“The Dems were trying to distance themselves from the four ‘progressives,’ but now they are forced to embrace them,” he tweeted Monday afternoon. “That means they are endorsing Socialism, hate of Israel and the USA! Not good for the Democrats!”

Trump has faced few consequences for such attacks in the past. They typically earn him cycles of wall-to-wall media attention. He is wagering that his most steadfast supporters will be energized by the controversy as much, or if not more so, than the opposition.

“It’s possible I’m wrong,” Trump allowed Monday. “The voters will decide.”

The president has told aides that he was giving voice what many of his supporters believe — that they are tired of people, including immigrants, disrespecting their country, according to three Republicans close to the White House who were not authorized to speak publicly about private conversations.

Trump on Monday singled out Omar, in particular, accusing her of having “hatred” for Israel, and expressing “love” for “enemies like al-Qaida.”

“These are people that, in my opinion, hate our country,” he said.

Omar, in an interview, once laughed about how a college professor had spoken of al-Qaida with an intensity she said was not used to describe “America,” ″England” or “The Army.”

She addressed herself directly to Trump in a tweet, writing: “You are stoking white nationalism (because) you are angry that people like us are serving in Congress and fighting against your hate-filled agenda.”

Republicans, for their part, largely trod carefully with their responses.

Republican Sen. Lindsey Graham, a close ally of the president who golfed with him over the weekend, advised him to “aim higher” during an appearance on “Fox and Friends,” even as he accused the four Democrats of being “anti-Semitic” and “anti-American.”

Marc Short, chief of staff to Vice President Mike Pence, said “I don’t think that the president’s intent in any way is racist,” pointing to Trump’s decision to choose Elaine Chao, who was born outside the country, as his transportation secretary.

Chao is one of the few minorities among the largely white and male aides in high-profile roles in Trump’s administration. She is the wife of Senate Republican leader Mitch McConnell, who declined comment on Trump’s attacks on Monday.

The latest provocation came just two days after Trump inserted himself further into a rift between Pelosi and Ocasio-Cortez, offering an unsolicited defense of the Democratic speaker. Pelosi has been seeking to minimize Ocasio-Cortez’s influence in the House Democratic caucus in recent days, prompting the freshman lawmaker to accuse Pelosi of trying to marginalize women of color.

Trump told advisers later that he was pleased with his meddling, believing that dividing Democrats would be helpful to him, as would elevating any self-proclaimed socialists as a way to frighten voters to steer clear of their liberal politics, the Republicans said.

Among the few GOP lawmakers commenting on Monday, Rep. Pete Olson of Texas said Trump’s tweets were “not reflective of the values of the 1,000,000+ people” in his district. “We are proud to be the most diverse Congressional district in America. I urge our President immediately disavow his comments,” he wrote.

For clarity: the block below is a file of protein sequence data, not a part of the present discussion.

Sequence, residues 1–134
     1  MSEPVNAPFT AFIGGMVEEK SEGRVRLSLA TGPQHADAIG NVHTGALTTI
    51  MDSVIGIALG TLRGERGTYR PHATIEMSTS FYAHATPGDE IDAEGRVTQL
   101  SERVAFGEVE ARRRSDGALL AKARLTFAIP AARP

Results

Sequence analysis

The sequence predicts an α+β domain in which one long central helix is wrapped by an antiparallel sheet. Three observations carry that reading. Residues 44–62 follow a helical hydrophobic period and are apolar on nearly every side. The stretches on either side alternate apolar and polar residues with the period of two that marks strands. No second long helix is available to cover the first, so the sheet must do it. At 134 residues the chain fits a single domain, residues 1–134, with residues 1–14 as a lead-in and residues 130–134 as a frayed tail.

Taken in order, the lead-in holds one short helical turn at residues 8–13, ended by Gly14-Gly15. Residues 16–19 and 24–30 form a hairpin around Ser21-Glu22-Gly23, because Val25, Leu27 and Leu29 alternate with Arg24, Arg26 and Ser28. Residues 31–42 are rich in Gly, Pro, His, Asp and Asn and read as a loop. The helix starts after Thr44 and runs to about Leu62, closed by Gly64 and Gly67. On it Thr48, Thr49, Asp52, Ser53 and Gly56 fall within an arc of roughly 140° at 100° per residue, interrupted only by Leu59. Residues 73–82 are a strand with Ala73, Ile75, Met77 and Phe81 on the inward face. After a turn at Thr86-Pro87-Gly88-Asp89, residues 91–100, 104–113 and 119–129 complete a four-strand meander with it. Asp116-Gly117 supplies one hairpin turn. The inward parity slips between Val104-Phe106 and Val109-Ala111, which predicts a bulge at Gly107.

Several other Republicans went out of their way to say they were not condoning the views of the Democrats, while encouraging Trump to retract his comments.

Maine Sen. Susan Collins, who is up for re-election next year, said Trump’s tweet was “way over the line and he should take that down.”

Sen. Patrick Toomey of Pennsylvania said of the Democrats: “We should defeat their ideas on the merits, not on the basis of their ancestry.”

In an Associated Press-NORC Center for Public Affairs Research poll from February 2017, half of Americans said the mixing of culture and values from around the world is an important part of America’s identity as a nation. Fewer — about a third — said the same of a culture established by early European immigrants.

But partisans in that poll were divided over these aspects of America’s identity. About two-thirds of Democrats but only about a third of Republicans thought the mixing of world cultures was important to the country’s identity. By comparison, nearly half of Republicans but just about a quarter of Democrats saw the culture of early European immigrants as important to the nation.

___

AP writer Hannah Fingerhut contributed from Washington.

https://apnews.com/9924c846abf84cfeabb76e6045190b42

Trump under fire for attacks on Democratic congresswomen

Jerome CARTILLIER
AFP News

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US President Donald Trump stepped up his attack on four Democratic lawmakers, saying if they are not happy in the United States, “they can leave”
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US President Donald Trump came under fire from Democrats and even some members of his own Republican Party on Monday after launching an extraordinary xenophobic attack on four progressive Democratic congresswomen.

“All they do is complain,” Trump told reporters at a White House event featuring products “Made in America.”

“These are people that hate our country,” he said of the four Democratic lawmakers. “If you’re not happy here, you can leave.”

Trump also accused the four first-term Democratic congresswomen — who are of Hispanic, Arab, Somali and African-American origin — of having “love” for US “enemies like Al-Qaeda.”

Asked by a reporter whether he was concerned that many people saw his comments as racist, Trump said: “It doesn’t concern me because many people agree with me.”